[ The discussion in the earlier post today regarding ABC’s revolting “What Would You Do?” convinced me that I should re-post this essay about a real-life “What Would You Do?”tragedy, which originally appeared on The Ethics Scoreboard in 2006. Entitled “Death on Everest,” It has been lightly edited to bring it up to date.]
As 34-year-old mountaineer David Sharp lay near death on Mount Everest, over 40 other climbers trudged past him on their march to the peak. All had oxygen with them, and a few even stopped briefly to give Sharp a few breaths. But still they climbed on, and Sharp perished. His demise on May 15, 2006 has gone into ethics lore alongside the infamous death of Kitty Genovese on March 13, 1964. Genovese was murdered outside her apartment building in Queens while thirty-eight neighbors watched and did nothing.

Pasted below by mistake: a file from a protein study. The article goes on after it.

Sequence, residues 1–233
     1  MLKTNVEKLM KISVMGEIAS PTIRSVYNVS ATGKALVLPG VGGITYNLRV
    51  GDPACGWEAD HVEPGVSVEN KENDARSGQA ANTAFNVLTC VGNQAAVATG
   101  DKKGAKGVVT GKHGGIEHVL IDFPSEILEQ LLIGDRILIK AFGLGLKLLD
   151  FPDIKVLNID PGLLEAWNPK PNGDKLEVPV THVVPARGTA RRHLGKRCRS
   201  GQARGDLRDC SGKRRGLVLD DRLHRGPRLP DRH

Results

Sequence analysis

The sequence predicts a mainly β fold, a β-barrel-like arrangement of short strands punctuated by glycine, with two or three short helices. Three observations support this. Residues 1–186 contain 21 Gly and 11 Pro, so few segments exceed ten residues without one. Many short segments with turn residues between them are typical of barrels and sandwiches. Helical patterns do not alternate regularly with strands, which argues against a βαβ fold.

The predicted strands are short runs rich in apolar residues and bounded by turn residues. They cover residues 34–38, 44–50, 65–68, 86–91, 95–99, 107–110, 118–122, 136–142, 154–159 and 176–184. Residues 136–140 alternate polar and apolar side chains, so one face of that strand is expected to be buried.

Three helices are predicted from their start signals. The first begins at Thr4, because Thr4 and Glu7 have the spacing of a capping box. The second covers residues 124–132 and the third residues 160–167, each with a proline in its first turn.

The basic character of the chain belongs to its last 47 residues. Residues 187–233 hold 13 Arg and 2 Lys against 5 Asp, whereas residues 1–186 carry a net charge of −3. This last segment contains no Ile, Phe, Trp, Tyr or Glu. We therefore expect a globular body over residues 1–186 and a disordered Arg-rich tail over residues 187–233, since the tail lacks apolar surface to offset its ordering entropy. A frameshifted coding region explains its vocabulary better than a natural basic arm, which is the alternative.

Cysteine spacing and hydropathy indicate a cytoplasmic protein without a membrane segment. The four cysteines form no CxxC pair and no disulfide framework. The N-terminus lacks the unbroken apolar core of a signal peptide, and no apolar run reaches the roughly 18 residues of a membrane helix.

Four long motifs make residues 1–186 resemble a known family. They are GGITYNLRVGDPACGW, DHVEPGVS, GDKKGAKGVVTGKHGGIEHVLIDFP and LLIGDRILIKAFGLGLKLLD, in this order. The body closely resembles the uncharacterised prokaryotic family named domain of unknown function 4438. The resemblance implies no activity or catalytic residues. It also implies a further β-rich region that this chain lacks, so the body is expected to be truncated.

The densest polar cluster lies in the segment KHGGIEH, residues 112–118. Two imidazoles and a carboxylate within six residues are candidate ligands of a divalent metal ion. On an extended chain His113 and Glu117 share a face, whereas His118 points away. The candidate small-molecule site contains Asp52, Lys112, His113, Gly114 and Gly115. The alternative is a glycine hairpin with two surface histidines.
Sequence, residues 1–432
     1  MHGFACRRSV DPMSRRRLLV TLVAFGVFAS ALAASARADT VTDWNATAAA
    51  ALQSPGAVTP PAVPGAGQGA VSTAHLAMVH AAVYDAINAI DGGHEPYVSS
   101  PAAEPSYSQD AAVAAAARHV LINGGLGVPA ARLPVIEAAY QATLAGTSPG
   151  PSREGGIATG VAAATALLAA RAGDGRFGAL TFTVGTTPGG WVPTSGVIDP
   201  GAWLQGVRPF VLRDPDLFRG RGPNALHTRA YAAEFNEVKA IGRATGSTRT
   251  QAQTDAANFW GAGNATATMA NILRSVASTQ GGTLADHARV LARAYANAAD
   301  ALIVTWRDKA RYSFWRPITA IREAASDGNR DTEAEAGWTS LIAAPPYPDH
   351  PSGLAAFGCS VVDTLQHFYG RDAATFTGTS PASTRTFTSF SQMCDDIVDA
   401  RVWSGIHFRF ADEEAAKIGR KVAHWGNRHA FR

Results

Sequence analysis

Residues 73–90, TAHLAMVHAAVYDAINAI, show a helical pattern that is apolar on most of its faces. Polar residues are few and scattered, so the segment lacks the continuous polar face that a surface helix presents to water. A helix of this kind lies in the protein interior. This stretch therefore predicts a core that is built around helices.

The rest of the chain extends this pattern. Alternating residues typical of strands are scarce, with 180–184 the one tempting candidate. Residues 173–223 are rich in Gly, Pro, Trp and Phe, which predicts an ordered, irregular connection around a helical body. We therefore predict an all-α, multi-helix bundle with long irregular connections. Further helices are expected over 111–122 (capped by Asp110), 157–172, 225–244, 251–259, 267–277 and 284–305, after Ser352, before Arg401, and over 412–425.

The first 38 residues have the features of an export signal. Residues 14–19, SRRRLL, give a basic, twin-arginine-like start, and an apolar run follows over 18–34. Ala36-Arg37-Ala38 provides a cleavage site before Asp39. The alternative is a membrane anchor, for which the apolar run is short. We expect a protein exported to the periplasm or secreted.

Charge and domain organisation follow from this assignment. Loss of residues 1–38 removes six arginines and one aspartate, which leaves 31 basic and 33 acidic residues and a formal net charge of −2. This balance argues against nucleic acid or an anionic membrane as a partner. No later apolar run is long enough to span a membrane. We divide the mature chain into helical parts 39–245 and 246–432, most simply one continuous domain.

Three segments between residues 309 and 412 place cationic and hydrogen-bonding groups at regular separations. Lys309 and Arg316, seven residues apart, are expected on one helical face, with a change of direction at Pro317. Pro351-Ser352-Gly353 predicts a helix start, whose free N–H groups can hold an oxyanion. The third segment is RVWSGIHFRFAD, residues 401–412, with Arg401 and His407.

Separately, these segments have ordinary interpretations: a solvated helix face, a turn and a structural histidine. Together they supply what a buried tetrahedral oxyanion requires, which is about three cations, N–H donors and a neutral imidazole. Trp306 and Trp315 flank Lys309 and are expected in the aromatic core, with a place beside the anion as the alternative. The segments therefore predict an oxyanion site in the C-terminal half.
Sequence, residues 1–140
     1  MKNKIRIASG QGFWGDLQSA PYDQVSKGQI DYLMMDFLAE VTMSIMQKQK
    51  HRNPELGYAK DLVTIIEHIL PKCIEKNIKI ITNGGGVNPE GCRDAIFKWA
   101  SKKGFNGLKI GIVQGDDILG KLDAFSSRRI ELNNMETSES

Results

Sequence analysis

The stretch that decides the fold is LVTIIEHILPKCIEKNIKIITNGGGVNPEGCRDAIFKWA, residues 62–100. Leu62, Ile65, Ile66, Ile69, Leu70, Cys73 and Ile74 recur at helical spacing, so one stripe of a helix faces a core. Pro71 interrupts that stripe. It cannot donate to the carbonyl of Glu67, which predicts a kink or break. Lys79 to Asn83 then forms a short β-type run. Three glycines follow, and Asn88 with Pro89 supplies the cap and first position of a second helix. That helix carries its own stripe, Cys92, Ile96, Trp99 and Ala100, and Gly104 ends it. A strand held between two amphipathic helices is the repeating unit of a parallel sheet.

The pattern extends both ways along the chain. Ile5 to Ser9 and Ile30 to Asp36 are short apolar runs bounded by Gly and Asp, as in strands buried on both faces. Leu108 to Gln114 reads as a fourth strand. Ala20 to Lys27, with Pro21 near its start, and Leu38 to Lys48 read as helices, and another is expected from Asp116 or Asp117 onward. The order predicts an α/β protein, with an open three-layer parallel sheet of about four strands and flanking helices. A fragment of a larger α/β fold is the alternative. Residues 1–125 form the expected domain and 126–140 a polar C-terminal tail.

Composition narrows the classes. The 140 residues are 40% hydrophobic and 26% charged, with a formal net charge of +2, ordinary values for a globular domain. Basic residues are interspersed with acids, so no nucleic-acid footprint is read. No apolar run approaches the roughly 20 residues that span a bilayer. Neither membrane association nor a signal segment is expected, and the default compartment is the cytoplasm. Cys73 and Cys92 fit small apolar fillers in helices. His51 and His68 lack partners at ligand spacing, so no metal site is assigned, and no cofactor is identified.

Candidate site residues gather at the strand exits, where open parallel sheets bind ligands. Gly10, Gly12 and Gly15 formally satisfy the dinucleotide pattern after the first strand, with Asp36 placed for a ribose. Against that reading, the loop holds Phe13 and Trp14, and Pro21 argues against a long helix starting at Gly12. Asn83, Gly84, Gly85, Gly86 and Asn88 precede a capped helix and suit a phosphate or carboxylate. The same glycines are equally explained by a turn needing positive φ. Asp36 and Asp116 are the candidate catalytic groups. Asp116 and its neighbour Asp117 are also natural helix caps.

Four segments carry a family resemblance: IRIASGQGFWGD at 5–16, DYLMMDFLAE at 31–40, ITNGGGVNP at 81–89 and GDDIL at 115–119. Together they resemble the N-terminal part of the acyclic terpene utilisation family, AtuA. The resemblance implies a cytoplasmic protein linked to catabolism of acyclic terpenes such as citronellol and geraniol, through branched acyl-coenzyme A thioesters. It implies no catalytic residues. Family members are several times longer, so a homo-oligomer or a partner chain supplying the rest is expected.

The two incidents stem from very different causes, however. While Genovese’s death was fueled by urban fear and apathy, a mass failure of courage and the willingness to assume responsibility in a crisis, Sharp was the victim of that universal ethics-suppressant, the powerful non-ethical consideration. Continue reading